Re: [httpstreaming] [conex] [dispatch] Q-HTTP

Kevin Mason <> Mon, 15 November 2010 04:23 UTC

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From: Kevin Mason <>
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Date: Mon, 15 Nov 2010 17:24:19 +1300
Thread-Topic: [conex] [dispatch] [httpstreaming] Q-HTTP
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Subject: Re: [httpstreaming] [conex] [dispatch] Q-HTTP
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I think much of this discussion is missing the root issue.

For any communication there is a source and sink. If the communication needs to pass information in both directions (other then underlying flow management) then each end becomes both a source and a sink. 

The path used for this communication is whatever is available. An ISP can influence where the source of anything a sink wish's to receive is, but commercial and regulatory models can impact beyond what an ISP can control.

As a very general rule, distance costs. There are exceptions but the longer the path generally the higher the cost. As an ISP on the opposite of the world to the majority of the English speaking populations this is more apparent to us that others!

To suggest that the global industry should or even could ensure that no congestion ever occurs between any source and any sink (i.e. the "core") is a little unrealistic. The probability of congestion on any path is never zero, regardless of how over provisioned it is. A forwarding link is always 100% utilised while it is forwarding a packet, so irrespective of the speed of the link and frequency of arrival of packets for onward transmission, if another packet arrives while the previous one is being sent then it has to wait. So how long does it have to wait before the link is considered "congested".

How long a packet might have to wait is determined by the ISP in its queue management and cpacity management at any forwarding point. However the ISP has no idea what the role of that packet is in the application the source and sink are exchanging data for, only the users do.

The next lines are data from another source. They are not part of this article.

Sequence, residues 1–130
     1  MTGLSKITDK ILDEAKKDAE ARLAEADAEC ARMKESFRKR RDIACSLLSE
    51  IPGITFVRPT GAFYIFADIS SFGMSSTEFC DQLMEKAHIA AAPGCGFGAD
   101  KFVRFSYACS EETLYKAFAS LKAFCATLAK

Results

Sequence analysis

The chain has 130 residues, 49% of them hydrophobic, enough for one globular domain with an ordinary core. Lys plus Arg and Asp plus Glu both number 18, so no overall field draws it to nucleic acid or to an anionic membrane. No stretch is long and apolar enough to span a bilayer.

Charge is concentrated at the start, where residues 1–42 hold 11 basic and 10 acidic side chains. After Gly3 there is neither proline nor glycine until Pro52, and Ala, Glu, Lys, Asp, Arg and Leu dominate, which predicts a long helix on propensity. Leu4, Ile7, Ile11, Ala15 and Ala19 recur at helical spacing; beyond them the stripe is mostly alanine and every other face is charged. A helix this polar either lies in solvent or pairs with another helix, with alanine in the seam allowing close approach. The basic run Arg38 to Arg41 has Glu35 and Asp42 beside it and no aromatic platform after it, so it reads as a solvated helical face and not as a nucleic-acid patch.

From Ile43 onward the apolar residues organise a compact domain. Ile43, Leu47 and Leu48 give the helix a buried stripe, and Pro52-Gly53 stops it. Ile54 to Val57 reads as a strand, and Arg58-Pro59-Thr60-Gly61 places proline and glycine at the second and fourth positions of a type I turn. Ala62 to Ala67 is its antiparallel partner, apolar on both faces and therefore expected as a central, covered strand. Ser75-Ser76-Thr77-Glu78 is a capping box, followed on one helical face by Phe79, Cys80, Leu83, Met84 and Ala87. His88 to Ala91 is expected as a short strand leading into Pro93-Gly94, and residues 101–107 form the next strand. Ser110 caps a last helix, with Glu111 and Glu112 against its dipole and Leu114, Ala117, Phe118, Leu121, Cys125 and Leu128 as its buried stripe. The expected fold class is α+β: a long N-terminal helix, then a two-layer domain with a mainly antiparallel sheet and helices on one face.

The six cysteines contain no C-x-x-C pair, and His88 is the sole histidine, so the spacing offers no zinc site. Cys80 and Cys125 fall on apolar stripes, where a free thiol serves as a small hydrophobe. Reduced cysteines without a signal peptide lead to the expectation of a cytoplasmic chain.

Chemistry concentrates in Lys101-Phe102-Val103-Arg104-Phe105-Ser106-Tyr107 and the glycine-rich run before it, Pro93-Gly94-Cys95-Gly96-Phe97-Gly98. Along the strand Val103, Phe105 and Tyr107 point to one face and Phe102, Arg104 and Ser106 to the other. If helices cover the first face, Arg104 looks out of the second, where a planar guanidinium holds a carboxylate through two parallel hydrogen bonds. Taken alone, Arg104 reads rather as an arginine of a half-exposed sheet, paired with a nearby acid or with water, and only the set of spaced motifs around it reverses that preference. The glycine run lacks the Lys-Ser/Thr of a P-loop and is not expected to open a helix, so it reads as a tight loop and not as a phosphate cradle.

So the issue re congestion is not if congestion occurs, but how frequency, and how much delay (or loss) can each application tolerate before its value or utility to the source and sink diminishes. Telephony (and ATM) has a reservation mechanism built in, but there is still an "engineered" probability that congestion occurs and the reservation cannot be made.

So sources and sinks between them have options. 

One option discussed in this thread at length is that the application is, or could be, in some way elastic. But even this elasticity does not always come for free, the application has to build that in (clever codecs have royalties, as does processing power for user equipment to do any required computation at an acceptable rate), and the users may have to be willing to forgo some of the potential richness of their application when path bottlenecks occur. If this is acceptable, application elasticity can be effective in creating a more acceptable outcome more often for the total population of sources and sink combinations. 

Elasticity is not just a function of the application, albeit some applications tend to lend themselves to elastic behaviour more than others, but elasticity is more a function of what the source and sink are doing at the time, and is in part determined by what incentives service provider's put in place to encourage users to implement and/or enable elasticity in application behaviour. As has already been mentioned, the threshold when path conditions reach a point that begins to degrade the experience, regardless of application elasticity, is very low for some uses (e.g. FPS games).

The bandwidth for "acceptable" human speech conversation (telephony) is becoming trivial in relation to bandwidth required for other uses (e.g. HD video). So if any degree of fairness exists on paths, the probability that an acceptable path will exist for the duration of any source and sink speech path combination is getting higher by the day. So value for any differential mechanism for improving speech path performance probability (reservations, prioritisation) is rapidly diminishing except on paths where bandwidth remains expensive (e.g. wireless access) because of the scarcity of radio spectrum.